YORK Hospital trust has missed time limits for dealing with A&E patients every month for the last two years, figures have shown.

The government states that A&E departments are required to have seen 95 per cent of patients within four hours, but York Teaching Hospital NHS Foundation Trust has missed the targets for the past 24 months in a row.

In March, only 80.9 per cent of patients at York Hospital were seen within four hours.

York's problems reflect a national situation in the NHS, with March itself having the single worst performance against the four-hour A&E target since it was introduced in 2004.

Higher volumes of patients going into hospital, staff shortages, and bed blocking caused by people being ready but unable to leave hospital due to inadequate support or available care - as well as limited funding - have all been given as reasons for difficulties.

The information about York has come from a quality and performance report presented to the Vale of York Clinical Commissioning Group (CCG), which gives a snapshot of the challenges faced by the NHS in the area.

A spokesperson for York Teaching Hospital NHS Foundation Trust said reducing delays across the system is the shared responsibility of the hospital, GPs, social care and commissioners. A number of measures are being put in place in order to do this, they said.

The spokesperson said: “Patients in A&E are treated according to clinical need, and those requiring urgent attention are seen promptly, however when we are facing high demand those with minor or less urgent needs may find that they are waiting longer.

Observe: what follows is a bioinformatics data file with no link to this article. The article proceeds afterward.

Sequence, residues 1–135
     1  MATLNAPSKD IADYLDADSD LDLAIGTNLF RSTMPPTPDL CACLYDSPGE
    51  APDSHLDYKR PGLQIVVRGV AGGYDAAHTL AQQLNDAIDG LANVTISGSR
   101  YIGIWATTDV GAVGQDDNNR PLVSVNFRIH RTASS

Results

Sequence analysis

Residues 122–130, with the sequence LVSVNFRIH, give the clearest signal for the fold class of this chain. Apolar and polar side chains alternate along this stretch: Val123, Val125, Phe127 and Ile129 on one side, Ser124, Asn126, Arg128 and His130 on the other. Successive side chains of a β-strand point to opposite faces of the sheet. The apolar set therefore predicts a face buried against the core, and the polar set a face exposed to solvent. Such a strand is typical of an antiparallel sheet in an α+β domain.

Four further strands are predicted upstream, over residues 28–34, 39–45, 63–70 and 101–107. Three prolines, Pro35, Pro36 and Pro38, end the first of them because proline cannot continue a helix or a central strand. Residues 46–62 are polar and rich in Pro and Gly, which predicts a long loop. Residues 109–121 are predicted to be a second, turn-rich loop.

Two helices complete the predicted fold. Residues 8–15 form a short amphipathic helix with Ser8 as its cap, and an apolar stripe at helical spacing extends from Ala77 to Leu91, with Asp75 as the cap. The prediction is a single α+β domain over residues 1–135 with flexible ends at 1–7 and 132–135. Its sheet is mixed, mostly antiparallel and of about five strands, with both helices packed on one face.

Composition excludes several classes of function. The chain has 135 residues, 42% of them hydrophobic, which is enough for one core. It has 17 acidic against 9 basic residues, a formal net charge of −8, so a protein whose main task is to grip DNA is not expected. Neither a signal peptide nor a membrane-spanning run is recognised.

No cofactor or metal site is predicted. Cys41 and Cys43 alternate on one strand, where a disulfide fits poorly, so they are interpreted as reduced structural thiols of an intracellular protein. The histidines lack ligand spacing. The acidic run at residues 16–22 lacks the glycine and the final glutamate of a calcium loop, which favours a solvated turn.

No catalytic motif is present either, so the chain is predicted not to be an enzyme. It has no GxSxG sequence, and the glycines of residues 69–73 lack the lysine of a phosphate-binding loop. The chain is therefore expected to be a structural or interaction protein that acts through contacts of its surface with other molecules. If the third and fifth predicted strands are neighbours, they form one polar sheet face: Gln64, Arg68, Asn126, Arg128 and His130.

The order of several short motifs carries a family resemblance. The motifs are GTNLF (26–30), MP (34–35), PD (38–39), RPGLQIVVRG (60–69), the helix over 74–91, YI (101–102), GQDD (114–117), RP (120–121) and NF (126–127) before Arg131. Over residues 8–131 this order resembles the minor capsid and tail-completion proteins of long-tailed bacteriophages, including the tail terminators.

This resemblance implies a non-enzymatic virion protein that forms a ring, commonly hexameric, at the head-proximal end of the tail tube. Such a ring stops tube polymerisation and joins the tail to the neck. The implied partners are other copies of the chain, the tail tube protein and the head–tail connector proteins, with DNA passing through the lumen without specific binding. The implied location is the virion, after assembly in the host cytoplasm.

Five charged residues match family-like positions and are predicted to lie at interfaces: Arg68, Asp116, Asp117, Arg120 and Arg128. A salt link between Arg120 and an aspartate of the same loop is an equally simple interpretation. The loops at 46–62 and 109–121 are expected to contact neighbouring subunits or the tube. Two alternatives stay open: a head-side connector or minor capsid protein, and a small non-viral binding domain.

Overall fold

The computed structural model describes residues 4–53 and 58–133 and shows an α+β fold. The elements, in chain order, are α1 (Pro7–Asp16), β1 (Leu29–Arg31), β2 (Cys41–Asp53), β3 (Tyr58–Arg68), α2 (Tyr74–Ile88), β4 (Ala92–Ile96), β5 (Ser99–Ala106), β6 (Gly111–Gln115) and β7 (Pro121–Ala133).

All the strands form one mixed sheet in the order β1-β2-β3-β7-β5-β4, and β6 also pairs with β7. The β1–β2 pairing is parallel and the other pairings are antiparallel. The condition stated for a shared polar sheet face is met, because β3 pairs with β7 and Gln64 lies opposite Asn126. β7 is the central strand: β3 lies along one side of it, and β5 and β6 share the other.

"Despite these pressures, we are pleased that most of our patients give positive feedback about our emergency departments.”

Delays have also contributed to knock-on problems with ambulance handover times.

In March, 224 ambulances waited over an hour to hand over patients at York and Scarborough Hospitals and 222 ambulances waited over half-an-hour.

Any issues with bed blocking and "patient flow" should be eased by the appointment of discharge liaison officers appointed in April, the report notes.

Meanwhile, in the York and Selby area, Yorkshire Ambulance Service has missed its eight minute target to see people in life threatening conditions.

The ambulance service is required to reach 75 per cent of "red response" calls within eight minutes, but it missed the target in March with 69.5 per cent.

But despite several missed targets, the report also outlines positive news.

The NHS in York is meeting its targets to refer and see suspected cancer patients, with nearly 95 per cent of people seen within 14 days.

It is also meeting general 18 week targets for "referral to treatment".

The out of hours service has also been successful in meeting its targets for face-to-face consultations.